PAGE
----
I picked up a few more shares of Markel (MKL) today.
The specialty insurer had an awful quarter, announced this morning — big losses, and terrible investment performance. Probably not terribly shocking, since we’re coming off of a couple big storms and the company’s portfolio focus in strongly on value investing, and we all know that many, many property and casualty insurers have taken a terrible beating. Some might debate about whether value investors or Texas waterfront homeowners took have more complaints this year, but there’s no doubt that this has been a very bad several months for both, and for almost every insurance company in the United States.
But Markel is a core holding in my portfolio, and I like to add a few shares here and there as I can. This is a fairly rare company whose management I trust almost implicitly (perhaps that’s putting it too strongly — I don’t know them, but I do believe they will always do the right thing for shareholders). Now is the time not to look back and worry about whether Markel can cope with the current investment performance and the claims of their policyholders — by all accounts, they continue to have a fairly conservative balance sheet, and there should be no significant problems. What we should focus on now, I believe, is their potential — Markel is continuing to hold firm on pricing, only writing business that they can justify as profitable, and they have the financial flexibility to pick up new business as many of their competitors, including AIG and many others who are looking for financial backing, have to exit businesses or scale back.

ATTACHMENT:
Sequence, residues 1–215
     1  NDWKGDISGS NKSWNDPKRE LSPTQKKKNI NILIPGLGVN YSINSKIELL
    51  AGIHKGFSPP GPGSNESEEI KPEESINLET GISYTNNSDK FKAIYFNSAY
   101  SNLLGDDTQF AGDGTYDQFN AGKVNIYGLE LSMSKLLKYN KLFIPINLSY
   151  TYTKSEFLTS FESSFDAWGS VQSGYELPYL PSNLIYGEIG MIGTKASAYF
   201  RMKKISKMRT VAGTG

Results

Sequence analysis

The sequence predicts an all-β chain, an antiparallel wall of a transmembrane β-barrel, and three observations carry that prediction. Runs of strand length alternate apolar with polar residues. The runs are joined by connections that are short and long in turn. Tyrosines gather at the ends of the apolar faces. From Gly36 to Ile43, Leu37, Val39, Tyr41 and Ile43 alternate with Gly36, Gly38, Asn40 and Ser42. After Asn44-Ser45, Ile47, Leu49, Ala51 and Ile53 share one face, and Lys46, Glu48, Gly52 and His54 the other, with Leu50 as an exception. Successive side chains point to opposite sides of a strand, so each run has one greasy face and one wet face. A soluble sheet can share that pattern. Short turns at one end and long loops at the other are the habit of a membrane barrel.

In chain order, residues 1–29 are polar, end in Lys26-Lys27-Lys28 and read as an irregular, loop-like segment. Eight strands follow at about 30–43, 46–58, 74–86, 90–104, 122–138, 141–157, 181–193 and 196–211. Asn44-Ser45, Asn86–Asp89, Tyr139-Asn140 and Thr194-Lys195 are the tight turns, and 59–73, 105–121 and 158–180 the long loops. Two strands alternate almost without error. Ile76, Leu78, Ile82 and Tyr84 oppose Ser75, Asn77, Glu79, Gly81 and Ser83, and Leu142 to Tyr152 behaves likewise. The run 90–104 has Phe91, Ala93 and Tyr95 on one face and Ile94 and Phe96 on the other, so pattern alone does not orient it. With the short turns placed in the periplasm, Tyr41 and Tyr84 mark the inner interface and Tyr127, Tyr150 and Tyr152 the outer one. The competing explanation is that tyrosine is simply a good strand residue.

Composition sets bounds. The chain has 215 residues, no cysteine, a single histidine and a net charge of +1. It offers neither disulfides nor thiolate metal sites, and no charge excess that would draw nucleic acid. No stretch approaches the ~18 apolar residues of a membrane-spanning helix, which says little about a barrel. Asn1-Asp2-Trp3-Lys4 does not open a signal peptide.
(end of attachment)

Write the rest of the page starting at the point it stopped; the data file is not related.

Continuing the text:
I don’t know how Markel will do in the next year or so, and I don’t want to understate just how weak their current performance is — they lost a bundle, more than $14 a share. The book value dropped, to about $225 a share. The underwriting performance was awful — the combined ratio climbed to 122% in the quarter (and 104% on the year through September). Underwriting performance is a common measure of profitability in insurance — it is essentially a measure of the costs divided by the premiums, so you take the expenses and claims paid during a given period, and divide them by the premiums taken in. Anything under 100% is an underwriting profit, and while a company can ...